Monday, 2 February 2015
As Told in the Great Hall - a review
I bought this book a couple of months ago after seeing it mentioned on a blog somewhere.
The book bills itself as "A Wargamer's Guide to Dark Age Britain. I was hoping for some scenarios and insight that would enable me to play a few interesting games with an authentic Dark Age flavour and maybe teach me a few new things about the period.
What the book actually is is a rule set for Dark Age games along with some questionable history and an awful lot of opinion without many supporting facts.
I suppose I should have been alerted by the cover, which features an image of a chalk white horse. A chalk horse almost certainly carved in the C17th rather than the Dark Ages.
So to start with the history. I’m no expert on the “Dark Ages” but what I do know is that hard and fast “facts” about the period are hard to come by, and much is based on constantly shifting interpretation and evolving research. You don’t get much of that from this book. What you do get are the authors opinions expressed as fact with very few supporting secondary sources. Frequently the “primary” sources for the period are cited – Bede, Gildas the Anglo Saxon chronicle and so on, without any reference to the partial, incomplete and undoubtedly biased opinions expressed by those authors, not to mention the fact that the first two were hardly “contemporary” with much of what they describe. The author seems on stronger ground as the period progresses, but even so his reliance on primary sources leads to some outlandish claims (especially regarding army sizes) in my view.
As an example the author states, apparently without irony, as fact that the Picts are a Scythian tribe (p77), a theory so divorced from mainstream history that I’d never heard it before. A little Google research indicated this is based upon the writings of early mediaeval scholars, attempting to make use sense of a world they barely understood, where Scythians were shorthand for “others”. In the absence of anything other than fanciful speculation I think I’ll stick with the conventional view that Picts were aboriginal British inhabitants.
Equally incredibly the author states (p.67) that the indigenous inhabitants of Britain were descended from the inhabitants of Troy. This is a theory that cheerfully ignores the wealth of evidence of continuous inhabitation of these islands that predates the foundation of Troy by several millennia. There is no historical evidence for the mythical “Brutus” who allegedly led these exiles from Troy and the view of most mainstream historians are that these “facts” were given credence by mediaeval monarchs in a search for legitimacy and to establish English links with the classical period. Unfortunately this kind of thing rather makes me question the accuracy of much of the rest of what the books presents as historical fact.
I have to confess I haven’t read the rules in any great detail. I didn’t buy it as a rulebook (that’s not how it is billed/advertised) I already have several rulesets, and as this one takes as its starting point the venerable, impenetrable and no fun WRG 6th edition rules – there’s little here to entice me. In addition, the author’s conviction that all armies of the period were essentially shieldwalls means you may find the rules unsuitable for the earlier period when less formal armies may have been the norm.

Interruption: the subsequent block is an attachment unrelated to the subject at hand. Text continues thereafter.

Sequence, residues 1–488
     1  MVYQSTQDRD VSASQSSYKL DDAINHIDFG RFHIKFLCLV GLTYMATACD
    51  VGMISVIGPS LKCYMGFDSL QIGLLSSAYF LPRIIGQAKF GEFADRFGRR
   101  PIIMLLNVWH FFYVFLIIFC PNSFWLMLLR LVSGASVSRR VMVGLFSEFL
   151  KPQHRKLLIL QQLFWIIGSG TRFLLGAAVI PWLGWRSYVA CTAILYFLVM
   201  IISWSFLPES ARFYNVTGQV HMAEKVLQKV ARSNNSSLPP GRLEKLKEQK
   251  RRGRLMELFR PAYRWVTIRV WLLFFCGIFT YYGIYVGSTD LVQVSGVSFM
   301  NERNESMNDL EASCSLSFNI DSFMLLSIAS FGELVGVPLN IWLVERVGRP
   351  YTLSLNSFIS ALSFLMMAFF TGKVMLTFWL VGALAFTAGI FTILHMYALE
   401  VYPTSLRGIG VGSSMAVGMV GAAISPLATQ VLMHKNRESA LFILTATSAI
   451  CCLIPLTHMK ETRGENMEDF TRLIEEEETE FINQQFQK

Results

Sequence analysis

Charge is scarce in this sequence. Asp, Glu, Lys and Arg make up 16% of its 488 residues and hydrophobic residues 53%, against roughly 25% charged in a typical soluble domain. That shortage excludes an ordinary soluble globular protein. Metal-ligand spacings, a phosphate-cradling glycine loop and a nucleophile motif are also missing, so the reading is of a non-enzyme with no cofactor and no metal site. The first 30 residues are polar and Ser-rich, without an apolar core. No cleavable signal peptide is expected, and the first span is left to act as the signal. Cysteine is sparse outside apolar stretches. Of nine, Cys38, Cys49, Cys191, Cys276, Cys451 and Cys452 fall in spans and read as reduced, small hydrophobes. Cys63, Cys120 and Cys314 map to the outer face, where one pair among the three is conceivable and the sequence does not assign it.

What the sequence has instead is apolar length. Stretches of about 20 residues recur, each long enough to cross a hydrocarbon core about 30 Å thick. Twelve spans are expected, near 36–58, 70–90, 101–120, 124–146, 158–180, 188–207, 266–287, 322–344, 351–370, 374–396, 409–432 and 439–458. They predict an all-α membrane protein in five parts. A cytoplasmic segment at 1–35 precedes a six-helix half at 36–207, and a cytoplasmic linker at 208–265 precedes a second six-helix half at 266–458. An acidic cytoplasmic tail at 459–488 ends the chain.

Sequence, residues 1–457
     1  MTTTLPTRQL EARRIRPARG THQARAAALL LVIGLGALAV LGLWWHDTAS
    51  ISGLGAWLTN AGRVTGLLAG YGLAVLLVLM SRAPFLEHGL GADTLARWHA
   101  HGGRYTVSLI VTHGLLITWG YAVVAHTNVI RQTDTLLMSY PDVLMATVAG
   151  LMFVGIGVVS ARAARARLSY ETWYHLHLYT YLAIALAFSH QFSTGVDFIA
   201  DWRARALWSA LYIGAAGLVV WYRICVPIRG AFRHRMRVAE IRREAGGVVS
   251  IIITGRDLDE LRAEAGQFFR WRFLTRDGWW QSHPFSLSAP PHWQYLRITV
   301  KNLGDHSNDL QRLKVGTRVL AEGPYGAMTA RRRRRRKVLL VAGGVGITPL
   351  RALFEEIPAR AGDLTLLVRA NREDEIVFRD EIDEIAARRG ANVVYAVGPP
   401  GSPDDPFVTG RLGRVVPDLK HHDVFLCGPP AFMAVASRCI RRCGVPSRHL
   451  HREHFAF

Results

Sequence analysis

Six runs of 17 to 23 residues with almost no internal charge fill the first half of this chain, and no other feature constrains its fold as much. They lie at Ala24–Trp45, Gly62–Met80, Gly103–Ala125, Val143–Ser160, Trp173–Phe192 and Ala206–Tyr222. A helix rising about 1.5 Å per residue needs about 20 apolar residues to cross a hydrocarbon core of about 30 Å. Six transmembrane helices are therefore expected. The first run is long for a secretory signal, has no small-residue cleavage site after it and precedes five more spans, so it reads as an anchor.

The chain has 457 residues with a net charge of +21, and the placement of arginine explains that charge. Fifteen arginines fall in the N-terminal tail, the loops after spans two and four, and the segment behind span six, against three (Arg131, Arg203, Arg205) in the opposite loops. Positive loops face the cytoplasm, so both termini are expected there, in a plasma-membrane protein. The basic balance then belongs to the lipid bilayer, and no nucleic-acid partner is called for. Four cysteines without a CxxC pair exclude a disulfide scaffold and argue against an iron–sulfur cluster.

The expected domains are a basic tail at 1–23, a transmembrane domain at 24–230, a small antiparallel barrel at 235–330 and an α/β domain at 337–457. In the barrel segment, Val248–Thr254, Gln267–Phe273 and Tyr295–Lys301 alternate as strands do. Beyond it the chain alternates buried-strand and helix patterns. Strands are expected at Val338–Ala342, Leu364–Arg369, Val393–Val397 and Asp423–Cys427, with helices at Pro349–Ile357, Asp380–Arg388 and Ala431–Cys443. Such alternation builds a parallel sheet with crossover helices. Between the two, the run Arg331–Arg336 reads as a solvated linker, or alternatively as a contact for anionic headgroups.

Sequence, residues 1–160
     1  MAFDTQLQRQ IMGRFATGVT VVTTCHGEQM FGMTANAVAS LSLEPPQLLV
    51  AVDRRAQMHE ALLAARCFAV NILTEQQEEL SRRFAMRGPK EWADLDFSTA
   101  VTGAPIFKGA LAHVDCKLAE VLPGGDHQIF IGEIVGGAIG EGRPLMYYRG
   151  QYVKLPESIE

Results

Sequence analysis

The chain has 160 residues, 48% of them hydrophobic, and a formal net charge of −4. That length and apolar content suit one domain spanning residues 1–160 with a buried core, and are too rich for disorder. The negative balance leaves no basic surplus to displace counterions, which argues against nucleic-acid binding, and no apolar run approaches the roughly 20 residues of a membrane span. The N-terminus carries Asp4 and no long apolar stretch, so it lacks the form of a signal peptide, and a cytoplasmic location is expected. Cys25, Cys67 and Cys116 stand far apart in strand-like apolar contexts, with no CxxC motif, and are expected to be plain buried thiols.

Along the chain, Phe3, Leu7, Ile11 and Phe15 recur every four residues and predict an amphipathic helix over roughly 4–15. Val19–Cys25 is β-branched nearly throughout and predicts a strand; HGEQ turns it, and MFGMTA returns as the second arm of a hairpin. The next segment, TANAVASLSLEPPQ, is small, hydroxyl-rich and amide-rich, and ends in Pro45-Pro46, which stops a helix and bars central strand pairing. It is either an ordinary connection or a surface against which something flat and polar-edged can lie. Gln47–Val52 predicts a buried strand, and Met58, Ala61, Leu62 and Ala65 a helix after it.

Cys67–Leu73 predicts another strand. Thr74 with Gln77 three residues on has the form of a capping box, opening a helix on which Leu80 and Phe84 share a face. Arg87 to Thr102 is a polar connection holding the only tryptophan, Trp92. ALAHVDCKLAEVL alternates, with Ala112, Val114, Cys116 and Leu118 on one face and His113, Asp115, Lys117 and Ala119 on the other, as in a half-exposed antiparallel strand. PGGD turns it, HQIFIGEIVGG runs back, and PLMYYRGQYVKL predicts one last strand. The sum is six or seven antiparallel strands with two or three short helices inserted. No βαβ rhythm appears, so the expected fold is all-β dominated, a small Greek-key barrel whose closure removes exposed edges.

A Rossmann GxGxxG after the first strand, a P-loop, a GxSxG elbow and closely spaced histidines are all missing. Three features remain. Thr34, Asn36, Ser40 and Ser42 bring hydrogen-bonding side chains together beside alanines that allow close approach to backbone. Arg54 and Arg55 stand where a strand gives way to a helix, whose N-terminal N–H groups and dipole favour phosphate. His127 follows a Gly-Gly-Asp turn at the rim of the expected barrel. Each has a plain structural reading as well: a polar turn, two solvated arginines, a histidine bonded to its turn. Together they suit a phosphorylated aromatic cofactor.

So, the rules are of no interest and the history is bunk, what of the scenarios? Well unfortunately these too are weak. They consist of a single simple line drawing of deployment and the historical (as the author interprets it) outcome of the battle and that’s it. I was hoping for suggestions of how to recreate elements of the battle on the tabletop, but no. Just line ‘em up and away you go (assuming you agree with the “shieldwall” type deployments).
Finally the whole sub-par package is wrapped up in some not very good writing. Lumpy, rambling sentences filled with sub clauses and repetition abound - the classic mistake that explaining something long-windedly automatically gives it weight and importance. To be fair the editor is as much at fault here as the writer who should have been helped to write in a more concise and engaging style. In addition the author is sometimes allowed to take flight into the realms of purple prose. I laughed out loud at the attempts to make spotting a newspaper clipping sound like the discovery of the Dead Sea Scrolls, and as for this description of a river “The river here is mesmeric; she is a meandering beauty that flows as gentle as a silk scarf wrapped around the spurs of the mountains that she bisects, her pools are deep and the water clear…then she is a girl scurrying over the shingle of a broad ford…then she screams and cries with pain as she cuts her way through a gorge….” if there were a wargaming equivalent of the literary bad sex award this would be a shoo in.
All of this feels a bit unfair on the writer, who is clearly passionate about his period and merely wants to share that with readers. It seems to me that he’s rather been let down by his publishers and editors who could have helped shape this into something a bit better. Ultimately it feels to me like this really should have been a short series of articles in one of the wargames magazines, where Dan, Guy or Henry would have excised some of the poor writing, and probably insisted on a bit more evidence to back his claims. As it is, it’s an expensive (almost twenty quid) product I’m not able to recommend at all.
If you are looking for a genuinely scholarly attempt to understand some Dark Age battles and to steal some good ideas for gaming then I’d heartily recommend you spend your money instead on Peter Marren’s Battles of the Dark Ages.
Buy this, it's good
Remember, however, whichever one you buy, make sure the sellers are paying their taxes, even if it costs you a little more.
Posted by TWD at Monday, February 02, 2015